3. Kids with cell phones communicate better than those without. My son forgot his today (of all days) but my niece had hers and ultimately she was the one who let us know what was going on.
  4. We need to have a long talk with #1 son who suddenly thinks he's invincible. He got in the car this afternoon and said, "Well they wouldn't get me cause I can run really fast". I looked him square in the eye and said "Are you STUPID?!". We've taken to calling him superman this afternoon (faster than a speeding bullet). DH took him to help with some yard work. Hopefully they'll have a little chat...
  5. False alarms open doors for communicating about crisis preparedness that aren't usually open. Take advantage and sow a few seeds when one arises.
  6. Probably the most important lesson - the only thing I can control in a crisis is my reaction to it. After the first heart thumping moments, a quick prayer and a call to our pastor for more prayer; I started to 'work the problem'. Who do I call? What do I do? Most importantly I did it calmly and methodically, not in a panicked frenzy. Panic is only going to create more crisis.
So there's my lesson for the day, such that it is. Every day is a new opportunity to learn. What did you learn today?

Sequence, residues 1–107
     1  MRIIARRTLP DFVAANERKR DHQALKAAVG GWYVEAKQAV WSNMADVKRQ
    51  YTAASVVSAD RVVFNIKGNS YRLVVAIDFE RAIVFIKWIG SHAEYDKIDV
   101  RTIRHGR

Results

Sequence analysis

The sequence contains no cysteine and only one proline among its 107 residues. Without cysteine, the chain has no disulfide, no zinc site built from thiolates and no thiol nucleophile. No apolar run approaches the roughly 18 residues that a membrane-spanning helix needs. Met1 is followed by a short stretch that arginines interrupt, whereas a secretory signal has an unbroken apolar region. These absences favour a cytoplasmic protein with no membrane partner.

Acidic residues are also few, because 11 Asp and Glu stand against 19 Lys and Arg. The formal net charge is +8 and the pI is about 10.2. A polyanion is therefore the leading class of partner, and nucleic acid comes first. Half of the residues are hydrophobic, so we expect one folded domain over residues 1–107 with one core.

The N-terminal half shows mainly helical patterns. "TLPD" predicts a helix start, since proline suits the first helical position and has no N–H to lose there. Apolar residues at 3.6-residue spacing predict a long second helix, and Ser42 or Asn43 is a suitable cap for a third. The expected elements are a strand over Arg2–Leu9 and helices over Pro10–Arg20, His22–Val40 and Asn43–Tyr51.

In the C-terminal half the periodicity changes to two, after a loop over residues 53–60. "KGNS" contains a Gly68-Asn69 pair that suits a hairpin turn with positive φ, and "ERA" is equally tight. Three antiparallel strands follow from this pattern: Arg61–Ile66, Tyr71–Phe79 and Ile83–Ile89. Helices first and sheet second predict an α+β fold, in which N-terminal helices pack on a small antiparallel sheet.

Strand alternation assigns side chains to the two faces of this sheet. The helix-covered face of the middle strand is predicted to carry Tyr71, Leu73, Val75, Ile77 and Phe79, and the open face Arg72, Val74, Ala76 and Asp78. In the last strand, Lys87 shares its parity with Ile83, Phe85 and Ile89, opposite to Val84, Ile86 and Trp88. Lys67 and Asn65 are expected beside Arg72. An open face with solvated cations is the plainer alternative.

Beginning canning

So I've NEVER canned before. This will be an adventure for me. Not one single jar of anything. No jam, no pickles, no relish. Nothing that even WOULD be canned. We froze quite a bit of stuff last fall, and I dried a few things also.

I lucked upon a copy of "Putting Food By" by Ruth Hertzberg at our library book sale last summer for $1. I went to a one hour workshop that covered the bare basics of preserving from all angles (canning, drying, freezing)

I have to admit, I find canning intimidating. If it's done incorrectly you can get all sorts of nasty illnesses. If you operate the pressure canner wrong it can blow up. Hot jars can explode. It's unbelievable intimidating.

The start up costs are scary - $50-80 for a pressure canner, $50 for water bath canners and kettles, $7-10 for a case of jars. That's not counting, lids, rings, salt, jar lifters, scales, thermometers, canning racks or basket-thingys that sit in the kettles, sieves, and any other manner of accoutrements.

I'm fortunate to have family, friends and neighbors who know a bit about canning. You can never overemphasize the value of experience. Better than any book.